When Frances Sinclair loses contact with her daughter Maya, travelling in Europe with her boyfriend Joe, the Auckland writer begins to feel alarmed as, ‘It was unusual. My girl had always kept in touch’.
But when she came home to find her ex-partner Nick inside her townhouse and an assault takes place, she borrows her neighbour’s car and drives away. ‘The only idea I had was to get out of town, to go south and find a nice motel where I could decide what to do next.’
Award winning author Charlotte Grimshaw is a wonderful descriptive writer and her use of short and long sentences intensifies her writing. ‘For half an hour, the downpour slowed and there was a last showing of watery evening light, then the squalls intensified, and huge rain roared on the corrugated iron roof. Still I lay on the sofa, not moving.’
Grimshaw takes the reader on a road trip to the Waikato where Frances meets Joe’s Mum Mazarine and they share their family concerns and Frances makes a decision to fly to London. ‘I’m going to tell everyone I’m doing research for a book. And when I find the kids, that’s what I’ll do, I’ll make a start on a novel set in London and Paris.’
Following the narrative thread left by her daughter, Frances travels through cities touched by terrorism and surveillance, joined at times by Mazarine, and was it just in her imagination that she sighted Nick around London?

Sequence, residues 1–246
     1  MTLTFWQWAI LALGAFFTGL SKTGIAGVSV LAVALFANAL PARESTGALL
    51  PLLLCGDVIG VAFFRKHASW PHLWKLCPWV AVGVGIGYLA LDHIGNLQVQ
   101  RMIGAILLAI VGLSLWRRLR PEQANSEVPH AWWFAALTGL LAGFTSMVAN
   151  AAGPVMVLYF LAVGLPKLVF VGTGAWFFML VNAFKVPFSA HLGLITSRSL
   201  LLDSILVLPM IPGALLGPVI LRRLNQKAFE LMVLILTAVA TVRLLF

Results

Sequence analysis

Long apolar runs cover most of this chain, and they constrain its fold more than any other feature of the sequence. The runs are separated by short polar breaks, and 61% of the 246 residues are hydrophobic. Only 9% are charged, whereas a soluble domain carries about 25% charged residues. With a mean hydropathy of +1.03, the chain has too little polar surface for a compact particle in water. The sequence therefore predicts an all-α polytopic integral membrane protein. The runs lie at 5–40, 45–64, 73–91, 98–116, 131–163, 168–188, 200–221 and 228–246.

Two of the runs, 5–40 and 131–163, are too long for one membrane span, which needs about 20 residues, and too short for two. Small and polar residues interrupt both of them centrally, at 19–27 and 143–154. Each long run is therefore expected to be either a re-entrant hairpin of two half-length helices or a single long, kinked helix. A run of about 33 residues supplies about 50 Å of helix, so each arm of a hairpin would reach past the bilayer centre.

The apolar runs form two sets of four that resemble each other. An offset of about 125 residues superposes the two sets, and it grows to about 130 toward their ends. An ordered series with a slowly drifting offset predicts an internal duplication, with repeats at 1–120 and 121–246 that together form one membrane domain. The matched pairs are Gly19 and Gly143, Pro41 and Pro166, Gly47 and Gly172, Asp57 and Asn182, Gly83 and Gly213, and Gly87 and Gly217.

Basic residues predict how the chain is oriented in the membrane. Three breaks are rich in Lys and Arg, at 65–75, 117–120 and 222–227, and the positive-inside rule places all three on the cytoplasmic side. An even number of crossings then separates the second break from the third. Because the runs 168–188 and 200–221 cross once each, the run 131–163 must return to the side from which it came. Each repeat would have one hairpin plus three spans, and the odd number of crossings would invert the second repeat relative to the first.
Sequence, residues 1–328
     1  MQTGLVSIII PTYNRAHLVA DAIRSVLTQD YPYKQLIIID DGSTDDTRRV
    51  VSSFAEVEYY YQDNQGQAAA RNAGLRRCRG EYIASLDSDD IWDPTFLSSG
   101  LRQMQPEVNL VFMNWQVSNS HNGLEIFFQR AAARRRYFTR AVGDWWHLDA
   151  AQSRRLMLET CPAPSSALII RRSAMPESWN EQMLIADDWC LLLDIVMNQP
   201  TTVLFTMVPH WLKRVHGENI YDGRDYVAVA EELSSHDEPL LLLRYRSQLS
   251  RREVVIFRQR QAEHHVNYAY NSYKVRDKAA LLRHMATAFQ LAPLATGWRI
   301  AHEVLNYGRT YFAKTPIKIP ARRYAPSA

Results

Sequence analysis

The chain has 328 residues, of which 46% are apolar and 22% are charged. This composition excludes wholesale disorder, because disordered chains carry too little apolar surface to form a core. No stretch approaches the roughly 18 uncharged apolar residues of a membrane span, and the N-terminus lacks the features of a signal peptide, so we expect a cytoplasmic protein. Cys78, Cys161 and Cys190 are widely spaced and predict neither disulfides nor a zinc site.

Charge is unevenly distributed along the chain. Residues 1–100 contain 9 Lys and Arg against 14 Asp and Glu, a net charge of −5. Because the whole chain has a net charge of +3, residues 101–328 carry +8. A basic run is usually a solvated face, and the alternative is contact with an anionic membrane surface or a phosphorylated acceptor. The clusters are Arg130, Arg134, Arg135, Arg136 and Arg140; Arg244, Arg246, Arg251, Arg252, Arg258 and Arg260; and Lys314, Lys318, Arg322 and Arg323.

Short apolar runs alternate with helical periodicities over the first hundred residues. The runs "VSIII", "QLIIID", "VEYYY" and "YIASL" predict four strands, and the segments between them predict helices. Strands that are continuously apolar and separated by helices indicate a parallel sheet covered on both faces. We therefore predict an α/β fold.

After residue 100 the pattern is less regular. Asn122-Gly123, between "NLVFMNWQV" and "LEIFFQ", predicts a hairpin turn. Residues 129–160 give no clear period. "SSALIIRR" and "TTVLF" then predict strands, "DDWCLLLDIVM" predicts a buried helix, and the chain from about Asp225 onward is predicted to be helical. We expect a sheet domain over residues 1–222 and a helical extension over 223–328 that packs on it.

This is a complex read in which the author touches on many modern issues, bringing them together in a gripping novel which has enough mystery to keep the reader guessing until the end.
I enjoyed this book and anyone who enjoys reading about modern family life, and taking a deeper look inside oneself will find this a rewarding read. ‘Two selves. One understood: the situation had changed and Mazarine’s reaction was rational, there was no reason for us to stick together, after all we had just as much chance of finding our children if we separated. This self processed : words, reasons, solutions. The other self didn’t understand and wouldn’t be calmed or soothed, this other self cried out and smashed its own face and beat its hands against-.’
Even the cover of this book is a joy, the beautiful design by Kate Barraclough is fresh and original. Mazarine explains in the book, ‘A Mazarine Blue is a kind of butterfly….. …..Actually, Frances, the male of the species is deep blue, but the female Mazarine is brown, which is kind of confusing’.
Charlotte Grimshaw is based in Auckland where she writes a monthly column in Metro magazine which won her a Qantas Media Award. She has written a number of novels and short stories which are featured in the back of this book alongside three pages of reviews.
Reviewed by Lesley McIntosh
by Charlotte Grimshaw
Published by Penguin Random House NZ